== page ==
Every Saturday morning, dozens of vendors and farmers wake up bright and early to sell their goods at the St. Lawrence Market. Here you’ll find farms showcasing their home-grown produce, and farm-raised meats. This weekend I reluctantly decided to wake up before noon and go check out what these people had to offer.
Unfortunately, Canada’s growing seasons are pretty short. I mean, we really only have 2 months of the year to harvest and we’re covered in snow with what seems like half a year. Naturally, the produce here was reflective of that. Turnips, parsnips, beets, mushrooms, and other root vegetables galore, but good luck finding a piece of fruit. Meat’s an all year business here, but I already went visited Thatcher Farm’s a few weeks ago so I thought I’d take a look at something else.
In the middle of the chaotic southern building of the market is Sheldon Creek Dairy. A local dairy farm located in Alliston, Ontario, Sheldon Creek specializes in non-homogenized, minimally pasteurized milk. Here you can also find chocolate milk, cream, kefir (a cultured milk beverage), yogurt and dips. A bottle of whole milk will run you about $5 plus a $2 deposit for their cute glass bottles which you can bring back to get refilled.
Now you’re probably wondering what’s so special about this milk? Well, first off, it separates. Normally milk is spun through a process called homogenization which breaks down the fat so it emulsifies better with the water. This stuff isn’t and it’s actually pretty convenient. If you need cream for something, just scoop it off the top, and if you want a full fat glass of milk, just shake it. Secondly, and probably the most desirable characteristic of this milk is that it’s pasteurized for as little time as legally allowed. Here in Canada, we are not allowed to sell raw milk for whatever reason. So they make farmers boil the ever living hell out of it, and the resulting product is what most people put in their cereal. I haven’t drank a glass of that stuff in over a year. Sheldon Creek is trying to keep their dairy as close to raw as possible heating to 73 degrees for only 16 seconds. This makes for what I would say, a sweeter and more wholesome tasting product. It’s also perfect for making yogurt, kefir, or cultured butter.
As a curious culinary student, the owner Marianne was kind enough to answer a tough question I had about the farming industry. Many thanks to her because her lineup was huge!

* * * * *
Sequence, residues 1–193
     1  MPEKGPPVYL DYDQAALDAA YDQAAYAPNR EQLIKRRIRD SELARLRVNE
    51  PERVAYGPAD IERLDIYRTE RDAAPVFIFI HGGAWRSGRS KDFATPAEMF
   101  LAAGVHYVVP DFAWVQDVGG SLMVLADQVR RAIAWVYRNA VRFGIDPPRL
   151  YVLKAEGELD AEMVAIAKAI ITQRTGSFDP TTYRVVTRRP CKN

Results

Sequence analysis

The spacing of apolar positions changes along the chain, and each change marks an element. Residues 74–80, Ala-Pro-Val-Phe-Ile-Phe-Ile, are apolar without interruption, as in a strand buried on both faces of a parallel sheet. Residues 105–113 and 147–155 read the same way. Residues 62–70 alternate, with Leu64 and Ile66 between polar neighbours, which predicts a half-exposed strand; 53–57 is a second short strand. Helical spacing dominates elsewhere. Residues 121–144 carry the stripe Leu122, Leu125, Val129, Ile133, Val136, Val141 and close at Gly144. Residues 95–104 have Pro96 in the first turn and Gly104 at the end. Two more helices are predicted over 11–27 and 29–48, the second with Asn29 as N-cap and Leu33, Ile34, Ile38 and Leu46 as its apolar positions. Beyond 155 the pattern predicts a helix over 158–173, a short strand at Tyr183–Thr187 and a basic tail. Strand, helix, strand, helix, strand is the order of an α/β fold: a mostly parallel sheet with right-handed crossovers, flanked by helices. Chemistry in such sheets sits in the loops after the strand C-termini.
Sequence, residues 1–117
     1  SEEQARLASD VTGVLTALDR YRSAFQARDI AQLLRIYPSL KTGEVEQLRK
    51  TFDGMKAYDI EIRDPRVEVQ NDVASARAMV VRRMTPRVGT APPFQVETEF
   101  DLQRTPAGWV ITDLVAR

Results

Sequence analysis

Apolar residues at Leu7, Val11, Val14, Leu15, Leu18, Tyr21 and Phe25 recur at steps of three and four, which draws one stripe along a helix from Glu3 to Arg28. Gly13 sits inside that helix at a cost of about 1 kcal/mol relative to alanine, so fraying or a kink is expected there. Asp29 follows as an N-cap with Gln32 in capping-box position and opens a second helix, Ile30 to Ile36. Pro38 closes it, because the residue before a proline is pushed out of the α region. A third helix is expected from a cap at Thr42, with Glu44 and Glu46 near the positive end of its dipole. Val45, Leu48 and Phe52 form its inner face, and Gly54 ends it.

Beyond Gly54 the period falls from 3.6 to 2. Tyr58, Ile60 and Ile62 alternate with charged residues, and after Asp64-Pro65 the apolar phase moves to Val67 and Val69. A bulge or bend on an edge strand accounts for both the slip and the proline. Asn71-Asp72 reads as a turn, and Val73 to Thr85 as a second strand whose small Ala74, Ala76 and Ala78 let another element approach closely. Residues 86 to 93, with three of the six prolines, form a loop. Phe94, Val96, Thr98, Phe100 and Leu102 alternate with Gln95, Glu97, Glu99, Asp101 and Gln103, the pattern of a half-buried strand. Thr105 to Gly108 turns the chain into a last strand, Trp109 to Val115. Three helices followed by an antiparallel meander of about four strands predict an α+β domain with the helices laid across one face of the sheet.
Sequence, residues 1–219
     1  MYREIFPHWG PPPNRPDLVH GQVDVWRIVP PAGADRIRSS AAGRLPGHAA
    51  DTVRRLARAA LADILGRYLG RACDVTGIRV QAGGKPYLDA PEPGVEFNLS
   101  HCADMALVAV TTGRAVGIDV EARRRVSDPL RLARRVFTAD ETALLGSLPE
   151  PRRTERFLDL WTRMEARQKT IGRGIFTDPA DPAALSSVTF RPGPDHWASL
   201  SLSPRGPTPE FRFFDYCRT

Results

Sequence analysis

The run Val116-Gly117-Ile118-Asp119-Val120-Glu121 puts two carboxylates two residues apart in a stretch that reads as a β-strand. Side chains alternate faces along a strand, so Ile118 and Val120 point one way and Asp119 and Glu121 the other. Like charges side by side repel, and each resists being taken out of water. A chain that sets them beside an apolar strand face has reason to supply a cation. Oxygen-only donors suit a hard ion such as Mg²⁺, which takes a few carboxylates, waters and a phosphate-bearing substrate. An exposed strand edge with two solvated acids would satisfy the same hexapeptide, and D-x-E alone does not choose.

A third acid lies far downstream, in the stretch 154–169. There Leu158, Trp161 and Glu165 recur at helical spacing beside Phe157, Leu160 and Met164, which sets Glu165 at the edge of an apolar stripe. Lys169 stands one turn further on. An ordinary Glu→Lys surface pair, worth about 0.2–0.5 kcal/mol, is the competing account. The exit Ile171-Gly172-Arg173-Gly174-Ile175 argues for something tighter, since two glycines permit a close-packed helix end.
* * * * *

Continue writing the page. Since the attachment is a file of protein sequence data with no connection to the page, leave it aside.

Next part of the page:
What would you say the most pressing issue for the farming industry is today?
“Well the average age of a Canadian farmer is 56 years old. There isn’t really any incentive of getting into this business when you could make $100,000 working five days a week. For us it’s a 24/7 job.”
I guess it’s just a labor of love.
“It really is.”
How would you propose we fix this?
“We need to focus on bringing people back to the farm but there are currently not many incentives to do so. ”
It’s a dying art. Soon those 56 year olds are going to turn 70 and will be looking at retirement with nobodies kids to replace them. We could be looking at a future of no food if the trend continues.
I thanked her for her time as I walked away with my spoils of cream, whole milk and chocolate milk.
The chocolate milk, which was intended to last me the whole week lasted about an hour. It was pleasantly sweet, and basically the dairy equivalent of crack.
As of writing this, I have about half a bottle of whole milk left and a bottle of cream which I intend to make cultured butter out of.
I don’t know if it’s just me, but I find normal store-bought milk kind of bitter and a little too sweet. I’m not sure if it’s due to the feed or the over-pasteurization but I just don’t like it. This milk however, I could drink right out the bottle and was a pleasant accompaniment to the cookies my girlfriend and I baked.
All food has its source. It’s more than just what you see on your plate or pick up off a shelf. Connecting with farmers and producers is in important step in appreciating the things you eat. Often we take these little things for granted but each ingredient you cook with has a team of people behind it that work just as hard as you do to provide it. Educating ourselves in how it’s made and where it comes from is the least we can do as consumers to thank these amazing people for all their hard work.